While there is no question that salmon is great for you — it consistently ranks at the top of healthy eating lists — it can seem intimidating to cook properly.
Angelea Bruce, registered dietitian at Sharp Memorial's Laurel Amtower Cancer Institute and Neuro-Oncology Center reminds you that salmon is a great addition to your weekly grocery list — at least twice a week — for its excellent source of key vitamins and minerals, including vitamin B-12 and vitamin D.
According to Bruce, the omega-3 fats found in salmon are important because they are not widely found in the American diet, yet are critically important to our health and well-being.
“Low levels of omega-3 fats are linked to higher rates of depression,” says Bruce. If omega-3 fat-rich fish such as salmon, tuna and halibut are not your favorite, she recommends talking to your doctor or dietitian about taking fish oil supplements to see if these are safe and recommended to you.
Intimidation of cooking salmon is not an excuse. Bruce shares three easy ways to cook salmon, some helpful seasonings to make it your own and what to pair it with for a well-rounded meal.
Salmon in a salad is always a well-rounded and delicious option. Bruce likes to pair her salmon with quinoa and a vegetable such as asparagus or green beans. Other popular side dishes with salmon are small roasted potatoes, like golden or fingerling, and rice pilaf.
Step 1: Choose the right salmon.
“Find salmon labeled ‘wild Alaskan salmon,’ because they generally have the lowest levels of toxins,” says Bruce. “Fresh or frozen are both great choices.” Bruce suggests staying away from farmed Atlantic salmon as it was named on the “Eco-Worst” choice list by the Environmental Defense Fund.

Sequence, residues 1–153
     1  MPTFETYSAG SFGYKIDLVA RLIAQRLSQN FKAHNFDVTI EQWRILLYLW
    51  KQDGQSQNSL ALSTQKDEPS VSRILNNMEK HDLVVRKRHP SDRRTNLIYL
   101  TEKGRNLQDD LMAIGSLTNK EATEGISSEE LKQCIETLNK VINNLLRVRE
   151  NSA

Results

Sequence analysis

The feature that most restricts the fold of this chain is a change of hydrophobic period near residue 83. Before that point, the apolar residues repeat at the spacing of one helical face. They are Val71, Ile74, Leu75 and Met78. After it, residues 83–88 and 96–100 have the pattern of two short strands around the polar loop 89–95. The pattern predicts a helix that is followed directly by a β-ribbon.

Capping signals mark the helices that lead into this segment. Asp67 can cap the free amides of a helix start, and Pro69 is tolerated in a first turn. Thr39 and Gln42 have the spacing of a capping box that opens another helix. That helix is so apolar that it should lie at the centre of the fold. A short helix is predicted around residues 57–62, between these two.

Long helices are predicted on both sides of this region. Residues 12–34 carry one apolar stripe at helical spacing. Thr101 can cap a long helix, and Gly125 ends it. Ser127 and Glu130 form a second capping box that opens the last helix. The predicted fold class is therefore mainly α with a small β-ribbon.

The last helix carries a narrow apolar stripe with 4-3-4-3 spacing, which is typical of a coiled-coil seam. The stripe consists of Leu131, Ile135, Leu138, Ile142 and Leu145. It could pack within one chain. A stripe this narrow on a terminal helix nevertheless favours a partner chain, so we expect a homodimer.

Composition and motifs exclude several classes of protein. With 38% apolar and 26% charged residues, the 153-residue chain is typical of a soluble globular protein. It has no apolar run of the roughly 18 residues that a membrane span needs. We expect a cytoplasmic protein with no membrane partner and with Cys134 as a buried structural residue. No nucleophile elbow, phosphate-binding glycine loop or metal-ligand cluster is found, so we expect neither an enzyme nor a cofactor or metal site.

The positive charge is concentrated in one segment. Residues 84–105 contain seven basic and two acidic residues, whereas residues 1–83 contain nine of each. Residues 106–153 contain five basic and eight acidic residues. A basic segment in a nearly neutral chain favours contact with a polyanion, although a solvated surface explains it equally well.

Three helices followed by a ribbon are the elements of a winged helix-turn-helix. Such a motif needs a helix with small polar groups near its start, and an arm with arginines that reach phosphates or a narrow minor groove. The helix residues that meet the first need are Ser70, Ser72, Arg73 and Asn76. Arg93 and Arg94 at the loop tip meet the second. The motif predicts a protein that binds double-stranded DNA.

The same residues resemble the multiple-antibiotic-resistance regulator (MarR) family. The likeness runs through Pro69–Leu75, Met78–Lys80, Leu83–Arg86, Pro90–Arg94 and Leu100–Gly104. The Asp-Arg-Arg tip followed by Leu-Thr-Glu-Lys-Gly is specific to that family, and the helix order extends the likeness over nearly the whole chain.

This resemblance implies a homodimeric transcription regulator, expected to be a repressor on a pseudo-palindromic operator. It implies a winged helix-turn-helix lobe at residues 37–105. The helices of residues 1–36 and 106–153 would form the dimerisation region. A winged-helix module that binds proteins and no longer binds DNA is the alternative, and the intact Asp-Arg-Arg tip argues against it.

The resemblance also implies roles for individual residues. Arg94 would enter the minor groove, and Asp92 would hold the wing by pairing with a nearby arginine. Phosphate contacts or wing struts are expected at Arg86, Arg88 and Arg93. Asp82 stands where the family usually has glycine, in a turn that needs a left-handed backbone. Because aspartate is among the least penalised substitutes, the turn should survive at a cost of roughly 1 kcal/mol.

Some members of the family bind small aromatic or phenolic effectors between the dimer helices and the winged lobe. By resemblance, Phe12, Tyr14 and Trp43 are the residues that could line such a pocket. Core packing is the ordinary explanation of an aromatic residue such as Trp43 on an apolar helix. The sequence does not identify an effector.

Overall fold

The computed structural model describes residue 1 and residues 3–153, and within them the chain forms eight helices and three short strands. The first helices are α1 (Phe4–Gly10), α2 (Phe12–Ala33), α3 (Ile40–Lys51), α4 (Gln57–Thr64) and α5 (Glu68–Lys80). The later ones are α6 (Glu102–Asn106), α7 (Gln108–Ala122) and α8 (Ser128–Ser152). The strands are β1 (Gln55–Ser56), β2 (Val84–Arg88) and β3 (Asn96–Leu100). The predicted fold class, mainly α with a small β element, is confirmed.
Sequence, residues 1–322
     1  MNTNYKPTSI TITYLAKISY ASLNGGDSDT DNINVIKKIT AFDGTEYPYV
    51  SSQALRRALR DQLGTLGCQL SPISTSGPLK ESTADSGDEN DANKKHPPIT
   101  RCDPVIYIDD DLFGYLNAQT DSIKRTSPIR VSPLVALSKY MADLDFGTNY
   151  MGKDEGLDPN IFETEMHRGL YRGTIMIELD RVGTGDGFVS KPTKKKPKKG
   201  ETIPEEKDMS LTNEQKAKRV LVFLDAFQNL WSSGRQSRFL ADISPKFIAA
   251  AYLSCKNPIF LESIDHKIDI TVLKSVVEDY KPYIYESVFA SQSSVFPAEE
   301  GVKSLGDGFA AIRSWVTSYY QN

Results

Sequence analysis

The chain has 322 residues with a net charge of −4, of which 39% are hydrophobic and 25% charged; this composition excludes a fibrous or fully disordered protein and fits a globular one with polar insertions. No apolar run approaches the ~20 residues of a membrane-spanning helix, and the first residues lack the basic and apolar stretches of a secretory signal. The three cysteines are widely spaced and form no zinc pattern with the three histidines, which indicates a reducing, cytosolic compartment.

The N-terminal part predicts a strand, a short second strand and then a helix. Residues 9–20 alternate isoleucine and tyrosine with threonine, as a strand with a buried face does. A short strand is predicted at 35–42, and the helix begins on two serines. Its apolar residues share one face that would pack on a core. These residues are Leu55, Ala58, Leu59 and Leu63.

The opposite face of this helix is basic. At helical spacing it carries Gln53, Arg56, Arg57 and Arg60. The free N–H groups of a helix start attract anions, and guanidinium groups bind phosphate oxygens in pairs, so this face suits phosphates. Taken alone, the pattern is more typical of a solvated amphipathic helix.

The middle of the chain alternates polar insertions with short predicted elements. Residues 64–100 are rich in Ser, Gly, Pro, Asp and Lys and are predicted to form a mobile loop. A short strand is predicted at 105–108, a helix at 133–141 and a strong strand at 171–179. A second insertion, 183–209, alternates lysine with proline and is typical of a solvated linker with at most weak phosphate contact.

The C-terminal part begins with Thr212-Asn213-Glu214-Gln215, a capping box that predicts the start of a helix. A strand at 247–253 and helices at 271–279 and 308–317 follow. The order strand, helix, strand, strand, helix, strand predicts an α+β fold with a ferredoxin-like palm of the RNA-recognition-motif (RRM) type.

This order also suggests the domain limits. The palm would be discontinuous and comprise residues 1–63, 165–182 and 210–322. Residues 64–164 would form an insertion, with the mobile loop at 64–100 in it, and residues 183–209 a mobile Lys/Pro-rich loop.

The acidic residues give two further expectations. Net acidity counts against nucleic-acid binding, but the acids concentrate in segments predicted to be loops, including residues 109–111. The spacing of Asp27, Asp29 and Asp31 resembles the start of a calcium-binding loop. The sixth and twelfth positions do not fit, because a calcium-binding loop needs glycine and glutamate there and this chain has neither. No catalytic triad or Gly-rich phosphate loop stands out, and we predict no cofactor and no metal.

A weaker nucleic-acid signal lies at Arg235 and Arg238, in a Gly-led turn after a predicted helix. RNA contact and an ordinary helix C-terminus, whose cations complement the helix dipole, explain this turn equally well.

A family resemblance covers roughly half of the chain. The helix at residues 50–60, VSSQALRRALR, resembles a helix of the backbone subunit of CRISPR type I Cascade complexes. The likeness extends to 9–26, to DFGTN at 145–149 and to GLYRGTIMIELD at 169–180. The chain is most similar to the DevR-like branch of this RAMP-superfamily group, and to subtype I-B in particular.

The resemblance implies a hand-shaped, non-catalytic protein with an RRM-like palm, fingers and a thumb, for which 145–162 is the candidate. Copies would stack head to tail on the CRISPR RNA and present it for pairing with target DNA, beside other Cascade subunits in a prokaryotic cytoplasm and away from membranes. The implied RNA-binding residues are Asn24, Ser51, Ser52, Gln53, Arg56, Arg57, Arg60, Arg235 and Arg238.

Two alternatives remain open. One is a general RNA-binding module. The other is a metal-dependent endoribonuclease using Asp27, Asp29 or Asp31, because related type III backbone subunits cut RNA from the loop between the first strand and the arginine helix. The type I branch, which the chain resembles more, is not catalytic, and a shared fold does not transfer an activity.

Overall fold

Step 2: Pick your seasonings.Bruce recommends:
- Maple syrup
- Balsamic vinegar and olive oil
- Dijon mustard
- Fresh dill
- Garlic powder or crushed fresh garlic
Step 3: Cook your salmon.
Yields 2 servings
2 thawed or fresh salmon fillets
1 tablespoon of olive oil
2 tablespoons Balsamic vinegar, optional
Preheat your oven's broiler and set rack about 6 inches from the heating element. Drizzle the fillets with olive oil and Balsamic vinegar, if using. If not using the Balsamic vinegar, season with salt and pepper. Place fillets on sheet pan that has been sprayed with cooking spray and place in the oven. Broil for 5 minutes on each side or until the fish flakes with a fork. Be careful not to overcook to avoid dry fish.
Bring the salmon to room temperature 10 minutes before cooking and pat dry with paper towel. Warm a large nonstick skillet with oil over medium-low heat. Season the fish with salt and pepper. Raise the heat to medium-high.
Place the salmon — skin-side up if applicable — in the pan. Cook until golden brown on one side, about 4 minutes. Turn the fish over with a spatula and cook until it feels firm to the touch, about 3 minutes more. The skin can be served or removed easily with a knife or spoon.
Salmon steamed in parchment paper
Heat oven to 400° F. Take two pieces of parchment paper, fold in half and cut a half-circle starting at each crease, making them look heart-shape when unfolded. Coat each piece of parchment paper with olive oil on both sides.
Place 1 salmon fillet in the middle of one side of a prepared parchment paper. Drizzle with extra-virgin olive oil and sprinkle with salt and pepper. Fold the other half circle over and seal parchment edge by making overlapping folds around the edge. At the end, fold the last crease in the opposite direction of the rest to ensure it seals. Place pouches on a baking sheet.
Bake for 15 minutes. Remove from oven and allow fish to sit for 5 minutes before cutting open parchment paper. The salmon is done when it easily flakes with a fork.
*Bruce recommends adding fresh lemon on top of the salmon fillets to absorb while it steams.
This article has been updated on February 1, 2017.